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Parnell Commission Inquiry

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Parnell Commission Inquiry

Post by Karen on Wed 24 Oct 2012 - 21:41

Thirty-seventh Day of Proceedings - Wednesday, January 23, 1889




Today's proceedings opened very tamely. The Commissioners took their seats in an almost empty Court at half-past ten.
Sir Henry James at once informed the Court that he intended proceeding with the letters, the writing in some of which Farragher identified yesterday as being that of certain clerks employed in the League offices shortly before its suppression. These letters, for the most part, pertained to the disbursement of various sums in connection with the League.


There were, however, one or two exceptions. For instance, one was from a Mr. George O'Toole, who entered a claim on the League for having traveled about the county of Wicklow, working for the League in various ways. Another was dated 18th October, 1881. It ran thus: - "Dear Friend, - Mr. O'Shea and Mr. Sheridan will proceed to London. I will go to Liverpool and bring the books from there to Palace Chambers. I will also direct the men at Liverpool to return to Dublin, as requested. Mr. O'Shea wishes you to send cheque for 30 pounds, to enable us to pay our way." This letter was signed "H. Campbell," and was addressed to Mr. J. Kenny.


After reading several letters written to the League by persons who had discharged duties connected with it, Sir Henry James said he had a suggestion to make with regard to a series of letters written to the League asking for authority to defend prisoners in such offences as riot and forcible entry. He would ask whether the other side would allow them to be put in without being read.
A desultory conversation followed, the result being that the suggestion was adopted, and a big batch of documents was handed in to the Secretary of the Commission to be produced in the verbatim report of the proceedings.
This formidable bundle having been cleared out of the way, Sir Henry went on in a very monotonous tone, reading other documents which included forms of questions to persons applying for legal expenses, or printed instructions to secretaries of branches of the League, and a printed form headed, "Guidance of Organisers."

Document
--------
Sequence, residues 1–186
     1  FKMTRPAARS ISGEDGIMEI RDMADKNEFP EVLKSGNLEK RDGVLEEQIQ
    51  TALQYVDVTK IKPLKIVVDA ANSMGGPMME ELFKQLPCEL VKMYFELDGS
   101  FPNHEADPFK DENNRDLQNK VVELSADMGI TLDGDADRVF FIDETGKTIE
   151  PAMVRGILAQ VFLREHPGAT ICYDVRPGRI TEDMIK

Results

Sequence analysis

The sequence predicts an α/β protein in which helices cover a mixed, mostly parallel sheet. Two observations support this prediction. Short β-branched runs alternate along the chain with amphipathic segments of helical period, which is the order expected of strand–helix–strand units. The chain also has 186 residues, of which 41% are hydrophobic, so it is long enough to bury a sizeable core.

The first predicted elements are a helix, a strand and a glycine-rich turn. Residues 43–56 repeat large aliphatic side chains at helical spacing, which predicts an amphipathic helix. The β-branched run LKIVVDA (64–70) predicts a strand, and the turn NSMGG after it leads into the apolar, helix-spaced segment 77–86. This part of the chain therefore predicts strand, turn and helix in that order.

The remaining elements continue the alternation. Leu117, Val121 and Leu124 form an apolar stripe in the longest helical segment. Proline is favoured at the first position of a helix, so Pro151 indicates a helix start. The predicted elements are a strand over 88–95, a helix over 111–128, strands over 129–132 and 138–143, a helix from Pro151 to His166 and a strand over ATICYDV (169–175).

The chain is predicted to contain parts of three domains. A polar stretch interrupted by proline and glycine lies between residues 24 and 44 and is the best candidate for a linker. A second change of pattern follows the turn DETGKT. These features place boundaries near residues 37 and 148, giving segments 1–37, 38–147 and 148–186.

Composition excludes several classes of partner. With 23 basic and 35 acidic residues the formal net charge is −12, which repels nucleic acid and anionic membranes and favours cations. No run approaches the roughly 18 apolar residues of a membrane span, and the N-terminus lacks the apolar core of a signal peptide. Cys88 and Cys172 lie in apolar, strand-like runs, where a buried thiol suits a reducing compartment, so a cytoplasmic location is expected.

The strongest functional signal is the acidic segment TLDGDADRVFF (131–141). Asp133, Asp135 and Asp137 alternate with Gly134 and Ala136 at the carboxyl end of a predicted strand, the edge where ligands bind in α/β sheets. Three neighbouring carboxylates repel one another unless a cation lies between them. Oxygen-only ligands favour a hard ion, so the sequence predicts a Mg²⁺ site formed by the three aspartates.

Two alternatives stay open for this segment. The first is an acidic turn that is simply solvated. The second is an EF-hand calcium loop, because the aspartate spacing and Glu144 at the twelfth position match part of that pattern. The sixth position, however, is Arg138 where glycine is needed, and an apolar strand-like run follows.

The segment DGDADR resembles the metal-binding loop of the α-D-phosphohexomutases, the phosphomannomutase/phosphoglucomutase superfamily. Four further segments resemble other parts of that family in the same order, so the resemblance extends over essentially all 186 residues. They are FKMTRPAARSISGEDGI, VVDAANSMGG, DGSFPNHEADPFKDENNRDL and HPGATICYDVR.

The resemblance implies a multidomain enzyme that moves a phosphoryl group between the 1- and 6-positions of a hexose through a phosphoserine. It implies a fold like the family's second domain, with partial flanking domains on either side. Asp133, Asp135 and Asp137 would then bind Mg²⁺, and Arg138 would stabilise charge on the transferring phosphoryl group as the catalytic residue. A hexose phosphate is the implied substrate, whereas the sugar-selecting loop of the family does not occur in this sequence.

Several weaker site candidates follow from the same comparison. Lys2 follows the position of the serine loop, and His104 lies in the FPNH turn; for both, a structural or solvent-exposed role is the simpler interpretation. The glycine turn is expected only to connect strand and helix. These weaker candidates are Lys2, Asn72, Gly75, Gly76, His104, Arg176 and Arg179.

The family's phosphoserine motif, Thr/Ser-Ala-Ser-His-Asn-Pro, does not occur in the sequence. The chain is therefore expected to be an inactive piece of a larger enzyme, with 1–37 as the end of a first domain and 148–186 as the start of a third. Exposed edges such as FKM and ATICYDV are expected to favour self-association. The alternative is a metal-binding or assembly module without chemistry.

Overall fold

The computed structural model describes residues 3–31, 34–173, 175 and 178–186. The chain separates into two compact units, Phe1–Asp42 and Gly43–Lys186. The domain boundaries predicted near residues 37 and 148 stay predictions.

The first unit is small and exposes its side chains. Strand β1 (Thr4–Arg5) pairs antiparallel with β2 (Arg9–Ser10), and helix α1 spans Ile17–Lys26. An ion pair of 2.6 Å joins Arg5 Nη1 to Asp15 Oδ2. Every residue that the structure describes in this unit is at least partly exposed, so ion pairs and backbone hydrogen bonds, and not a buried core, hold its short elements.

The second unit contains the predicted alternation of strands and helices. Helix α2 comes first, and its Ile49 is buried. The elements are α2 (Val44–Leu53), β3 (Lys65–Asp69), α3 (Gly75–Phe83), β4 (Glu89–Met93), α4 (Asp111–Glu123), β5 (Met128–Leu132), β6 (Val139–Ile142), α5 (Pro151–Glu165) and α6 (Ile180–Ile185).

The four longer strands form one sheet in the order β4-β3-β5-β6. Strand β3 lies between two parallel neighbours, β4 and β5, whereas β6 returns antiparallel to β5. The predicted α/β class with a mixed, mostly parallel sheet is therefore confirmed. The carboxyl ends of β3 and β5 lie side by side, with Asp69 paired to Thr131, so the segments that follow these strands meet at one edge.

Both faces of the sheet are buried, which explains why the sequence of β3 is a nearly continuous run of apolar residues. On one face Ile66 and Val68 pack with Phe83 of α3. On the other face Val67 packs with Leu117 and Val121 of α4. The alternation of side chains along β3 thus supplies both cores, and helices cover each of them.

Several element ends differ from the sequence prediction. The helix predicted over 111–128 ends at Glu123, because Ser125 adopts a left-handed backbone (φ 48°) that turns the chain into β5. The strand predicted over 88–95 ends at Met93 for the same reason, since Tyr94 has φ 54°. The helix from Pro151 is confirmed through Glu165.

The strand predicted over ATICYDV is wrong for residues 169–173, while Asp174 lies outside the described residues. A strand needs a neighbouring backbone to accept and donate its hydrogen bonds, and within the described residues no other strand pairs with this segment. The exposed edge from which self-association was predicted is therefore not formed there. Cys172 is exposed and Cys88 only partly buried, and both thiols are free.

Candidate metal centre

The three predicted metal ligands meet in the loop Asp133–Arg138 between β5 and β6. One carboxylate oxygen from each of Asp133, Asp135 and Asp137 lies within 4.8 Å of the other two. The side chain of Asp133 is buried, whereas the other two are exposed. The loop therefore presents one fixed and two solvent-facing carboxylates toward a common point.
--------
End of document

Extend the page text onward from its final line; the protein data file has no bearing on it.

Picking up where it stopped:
At length the wearisome task was ended - and it extended over nearly an hour - and a tall young gentleman, with the formidable name of Robert Massey Dawson Sandys, son of Mr. Sandys, a coroner, of Sandys-park, in the county of Cork, entered the box. He was very stylishly attired. His father was - and is, in fact - a large agent in Cork, as well as being a landlord. According to Mr. Sandys, his father was on the most friendly terms with his tenants prior to 1880, but in that year the League reached the district, and the scene was changed. One by one his servants left him; one by one the shopkeepers boycotted him, and even the village blacksmith refused to shoe his horses. Mr. Sandys and his brothers had to turn out in the early morning, groom the horses, feed the pigs, attend to the cattle, clean out the stable, discharge all the other duties which were formerly discharged by menials, and work about on the estate day after day, and even till late in the evening. This, Mr. Sandys over and over again voluntarily attributed to the machinations of the League, notwithstanding Sir Charles Russell's objection to such assertions without the production of positive evidence.


Then Mr. Sandys produced a letter he said he had received from a tenant, in which the writer asked to be allowed to pay his rent secretly.
The President interpolated the remark, addressed to the Attorney-General - "We have had a great many of these letters, and we think we are content with the specimens produced."
Sir Charles Russell also interjected that if the letters were read he should have to ask the names of the writers.
"Well, Sir," observed Mr. Sandys, "I should be sorry to put the lives of those people in danger by revealing their names."
The President's suggestion was adopted, and the letters were not read, though Mr. Sandys particularly wished it to be understood that he had received a number of such missives.


"What did he think was the reason why the tenants did not pay their rents?" essayed Mr. Murphy. - "Because they were afraid of outrage and murder," was the response. - Mr. Sandys - who, without the least hesitation, and even without being asked, attributed such intimidation to the League - described how tenants sometimes came to the estate office after performing a circuitous journey of miles, in order to evade observation; how some sent their rent through the post, the letter containing it being posted, perhaps, twenty-five miles away from the tenants' residences, with the object of escaping detection; how several tenants were visited at night by armed and distinguished bands; and how one went mad with fright, shortly after a visit by one of these gangs, and subsequently ended his life in an asylum.